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Five Second-Year Offensive Players With Breakout Potential in 2021

Who will be the next Cowboy to make a star run in his second season?



Photo credit: Bruce Waterfield/OSU Athletics

Mason Rudolph, Tylan Wallace and Emmanuel Ogbah all have one thing in common: They all made star turns in their second year at Oklahoma State.

For Rudolph, that was starting as a sophomore after a steady rise to end his freshman season, culminating with Bedlam and Cactus Bowl wins. For Wallace, it was stepping into the spotlight post-James Washington after playing sparingly in Year One. And for Ogbah, that was coming off a redshirt freshman season to tie for the team lead in sacks.

The second year is often a measuring point to how bright a player’s star can truly shine.

So at OSU in 2021, I’ve picked out five who fit that qualification who can make significant leaps as a second-year players. Today, a look at my five on offense. Tomorrow, the defensive side of the ball. Let’s get it.

1. Dominic Richardson, RB: Pretty wild that OSU almost didn’t even get Dominic Richardson in its program. If not for TCU completely screwing him out of a spot in its recruiting class late in the cycle, he’d be a Horned Frog. Now he might be the fastest-rising star in the program. As a freshman last season he played sparingly, but when he got a chance to showcase himself late in the year, he looked like an All-Conference runner — headlined by a 23-carry, 169-yard, 3-TD outing against Baylor in the penultimate game of the season. Folks are going to pencil in Dez Jackson as the starter (or LD Brown if he opts to return), but please, I beg of you, do not snooze on Richardson’s potential. He has RB1 talent and upside and fits perfectly into OSU’s system because of his speed and versatility.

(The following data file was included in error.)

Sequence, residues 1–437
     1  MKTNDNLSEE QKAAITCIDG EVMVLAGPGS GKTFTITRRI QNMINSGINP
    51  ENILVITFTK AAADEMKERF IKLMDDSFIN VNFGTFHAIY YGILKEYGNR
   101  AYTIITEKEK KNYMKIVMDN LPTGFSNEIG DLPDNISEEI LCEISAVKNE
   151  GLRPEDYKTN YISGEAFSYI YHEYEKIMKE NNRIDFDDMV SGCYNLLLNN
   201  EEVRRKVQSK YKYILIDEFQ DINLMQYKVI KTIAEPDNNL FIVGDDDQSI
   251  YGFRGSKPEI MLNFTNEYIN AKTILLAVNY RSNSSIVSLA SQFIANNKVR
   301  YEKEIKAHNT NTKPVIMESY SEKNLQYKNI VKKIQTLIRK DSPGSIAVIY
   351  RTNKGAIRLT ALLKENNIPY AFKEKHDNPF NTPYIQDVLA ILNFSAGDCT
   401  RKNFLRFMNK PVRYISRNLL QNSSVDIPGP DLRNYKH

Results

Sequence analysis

2. Shane Illingworth, QB: He played in only four games last season as a rookie, but Illingworth was very solid in three of the four. It just so happens that against OU, he was ineffective, and people will remember it most because it was his last game action (and because it was OU). That would be unwise and unfair. Illingworth has a 6-foot-5 frame, strong arm and some serious moxie to boot. First-Team All-Confidence. You absolutely love to see it. Spencer Sanders will enter the offseason as the favorite to retain his starting job, but Illingworth’s tangible and intangible traits coupled with inconsistent QB play from Sanders last season should make for an offseason competition entering 2021.

3. Brennan Presley, WR: *googles previous Heisman winners to hail from Oklahoma*

OK, so maybe Presley won’t be the best player in college football. (Not this coming season. I’m not ruling it out in the future.) But I am all aboard the Presley Express for 2021 as he potentially steps into the leading role of a reloaded receiving corps. He caught one pass the entire regular season, so I understand if you’re hesitant to agree with me here, but when he went hamburger for 6 receptions, 118 yards and three scores against Miami in the Cheez-It Bowl, he made a strong case for consideration to become the next Tylan. And the fact that he’s got a legitimately solid rapport with Spencer Sanders should only help his case.

4. Rashod Owens, WR: OSU’s top two receiving options (Wallace and Dillon Stoner) are gone, so someone is going to have to step into a leading role. That might be any number of players, but among second-years not named Brennan Presley, I like Owens’ odds quite a bit. He was a multi-sport athlete in high school who got a late offer from OSU in the recruitment cycle, and it’s clear his athleticism and versatility is something OSU really liked in him. He doesn’t have Marcel Ateman size (he’s 6-2) nor does he have Tyreek Hill speed, but he can flat out ball. Also, Dez likes him, so there’s that.

5. Quinton Stewart, TE/CWB: With Jelani Woods transferring out (?) and Logan Carter presumably moving on (he was a redshirt senior), OSU has a need for depth to emerge at its tight end/cowboy back position. Stewart, an early enrollee a year ago, could wind up being that guy. He’s a 6-2, 240-pound talent whose size and pass-catching acumen should free him up to be used in several different ways, and it’s possible he sees shine in the starting rotation. Hope OSU throws to the tight end more this season because he can be a real threat as a route-runner and possession guy down the field.

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